On the subject of “Go Back to Where You Came From”

I have been unable to write a word as a playwright since November 8. I know that might seem like a short time, but for those who know me, it’s really not, but hey, the whole world as we know it changed in just a fraction of that time, so in a way, it’s totally understandable.

It seems that the brain space that used to house my creative thoughts has been completely hijacked. I’m certain that I’m not alone. It’s now consumed with these questions and thoughts (and more, and not necessarily in this order):

1. Why is a country that was literally built by immigrants turning its back on itself? It’s not even an opinion that the United States of America was largely built by people who immigrated here. This is actually a fact. (After most everything was taken away from the indigenous people who lived here first, that is.) Even people who look European descended from immigrants at some point in time. I’m seriously baffled by the exclusion of these facts from the general consciousness of people who enjoy telling others to leave. Do they run around telling citizens who are descendants of Europe and Canada “go back to where you came from”? I haven’t heard of this happening. I wonder what would happen if they did. I wonder what would happen if there was even one hour of time in which every person whose descendants immigrated from another country at some time in their family history stopped doing their job and stepped over to the side. I can’t imagine that the country would not literally come to a standstill. Can you?

2. What do I say if/when I am verbally or physically assaulted? Can I have the presence of mind to say “Could I maybe go ‘back’ to someplace like Italy, France, Spain or Ireland — or another country I’ve been to only once or twice and in which I also wasn’t born, paid taxes or voted?” Pretty much all of my Asian American friends and I are used to being complimented on how well we speak English and/or asked where are we “really from”. But back in the “good old days”, one could arguably say that those questions came from curiosity or just conversation-making. (I’ve heard this explanation from many well-meaning people, and I’d like to believe that this was sometimes true.) But that was before November 8. Now these comments are laced with profound vitriol and an even more pointed message that we don’t “belong” here, and even more than not being welcomed here, we are actually the object of deep hatred and resentment for even existing on the planet, no matter how many generations our families have actually been here (6, for me), or how much our nation has always been, at its very core, a “melting pot”, a country of immigrants. (See number 1.)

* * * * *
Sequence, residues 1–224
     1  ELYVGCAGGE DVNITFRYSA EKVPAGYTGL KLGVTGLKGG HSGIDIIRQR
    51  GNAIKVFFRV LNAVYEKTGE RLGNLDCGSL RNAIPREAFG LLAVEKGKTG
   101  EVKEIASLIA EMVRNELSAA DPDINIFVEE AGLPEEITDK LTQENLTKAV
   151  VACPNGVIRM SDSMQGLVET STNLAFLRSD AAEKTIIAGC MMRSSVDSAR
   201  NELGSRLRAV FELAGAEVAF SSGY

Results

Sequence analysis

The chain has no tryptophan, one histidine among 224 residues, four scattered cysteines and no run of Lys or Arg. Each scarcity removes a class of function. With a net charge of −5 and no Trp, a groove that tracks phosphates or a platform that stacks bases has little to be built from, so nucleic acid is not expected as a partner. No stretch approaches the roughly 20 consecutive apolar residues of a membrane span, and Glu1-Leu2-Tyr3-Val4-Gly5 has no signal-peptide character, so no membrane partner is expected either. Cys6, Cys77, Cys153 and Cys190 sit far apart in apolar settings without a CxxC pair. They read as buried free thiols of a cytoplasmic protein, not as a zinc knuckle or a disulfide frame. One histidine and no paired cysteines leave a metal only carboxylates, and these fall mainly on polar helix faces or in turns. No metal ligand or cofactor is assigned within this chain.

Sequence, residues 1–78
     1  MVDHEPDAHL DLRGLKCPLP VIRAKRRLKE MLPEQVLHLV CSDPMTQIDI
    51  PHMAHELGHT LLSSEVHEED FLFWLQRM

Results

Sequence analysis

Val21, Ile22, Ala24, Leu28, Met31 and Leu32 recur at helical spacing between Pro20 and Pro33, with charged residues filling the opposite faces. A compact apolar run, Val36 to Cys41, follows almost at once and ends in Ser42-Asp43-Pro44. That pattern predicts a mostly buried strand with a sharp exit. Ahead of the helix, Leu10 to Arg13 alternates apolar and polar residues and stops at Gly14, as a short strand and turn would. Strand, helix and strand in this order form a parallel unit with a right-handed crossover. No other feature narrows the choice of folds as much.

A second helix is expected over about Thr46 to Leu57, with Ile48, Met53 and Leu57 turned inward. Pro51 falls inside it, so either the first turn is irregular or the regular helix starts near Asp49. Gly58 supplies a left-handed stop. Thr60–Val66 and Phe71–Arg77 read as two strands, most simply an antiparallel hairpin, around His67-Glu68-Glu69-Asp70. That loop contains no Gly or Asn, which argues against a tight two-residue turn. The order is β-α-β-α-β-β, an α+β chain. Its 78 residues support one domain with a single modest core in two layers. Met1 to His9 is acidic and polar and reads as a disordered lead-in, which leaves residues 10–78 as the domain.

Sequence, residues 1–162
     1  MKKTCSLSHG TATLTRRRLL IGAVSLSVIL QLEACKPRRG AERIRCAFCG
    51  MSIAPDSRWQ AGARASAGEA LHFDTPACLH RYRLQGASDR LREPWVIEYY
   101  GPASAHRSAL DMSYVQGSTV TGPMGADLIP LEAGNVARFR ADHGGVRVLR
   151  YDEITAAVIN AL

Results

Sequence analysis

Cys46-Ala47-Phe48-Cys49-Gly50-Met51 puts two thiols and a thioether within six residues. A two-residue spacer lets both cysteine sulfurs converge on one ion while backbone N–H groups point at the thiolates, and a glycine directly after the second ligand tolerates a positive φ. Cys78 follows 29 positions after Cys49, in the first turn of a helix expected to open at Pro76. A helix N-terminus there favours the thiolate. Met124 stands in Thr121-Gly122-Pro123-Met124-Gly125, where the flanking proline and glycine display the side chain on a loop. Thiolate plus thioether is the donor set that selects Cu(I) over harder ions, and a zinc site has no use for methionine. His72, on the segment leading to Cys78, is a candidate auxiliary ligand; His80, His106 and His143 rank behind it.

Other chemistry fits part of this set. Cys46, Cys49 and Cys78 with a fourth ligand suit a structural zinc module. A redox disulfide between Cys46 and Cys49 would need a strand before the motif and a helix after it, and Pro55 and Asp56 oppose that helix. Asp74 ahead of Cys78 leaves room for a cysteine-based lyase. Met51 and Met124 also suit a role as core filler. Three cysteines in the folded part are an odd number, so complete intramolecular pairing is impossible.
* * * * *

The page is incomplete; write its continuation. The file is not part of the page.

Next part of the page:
3. Why do they hate us so much? They haven’t even met us. This, I think, absorbs the majority of my creative brain space. I leave my house on the look out for red hats (in NEW YORK CITY, one of the most gorgeously diverse cities in the country), wondering who is going to say something or do something that will demonstrate their complete disdain for me, before I’ve even had a chance to do anything that could possibly offend them. Oh, except for the fact that I exist, and I probably should just realize that this is enough to make them hate me. Us. And I know, it really can’t be “personal” because, in fact, the scores of people I’ve been reading about assaulting other citizens across the country do not know me personally. But I’d venture to say that many of them do not personally know the people they are assaulting either. Except for the children who I’ve been reading about, who are bullying each other in new, tragically sad ways. I can’t even articulate how truly, truly disturbing those situations are to me.

4. How are we going to protect ourselves and each other? We must now have these very real conversations about how to defend ourselves, how much is permissible by law, what do we do if we are physically attacked, verbally attacked, see someone being verbally or physically attacked? How do we protect the memberships of unions and guilds that we serve? How do we protect our art from being censored? (The fear is real; how could this be?) How do we exercise what we thought were our Constitutional rights without getting bullied and threatened and publicly demoralized?

5. Why do they hate us so much?

6. Why do they hate us so much?

7. Why do they hate us so much?

8. How do we go on? I’m calling and writing my senators to make my voice heard, I’m reaching out to my communities and coalitions. I’m endeavoring to keep creating art that heals, illuminates and expresses what I am compelled to express. But I’m seriously at a loss. Inspiration is welcomed. I’d love to hear your thoughts.

9. Peace and love: I hope you can win the day. I heard someone use the phrase “radical hope” today. I think this is some of that.

10. Love and peace. I’m sending it out to all of you, humans of the United States. I think our creative and biological lives depend on it. Love and peace. Peace and love. (See number 9.)

Like what you read? Give ChristineToyJohnson a round of applause.

From a quick cheer to a standing ovation, clap to show how much you enjoyed this story.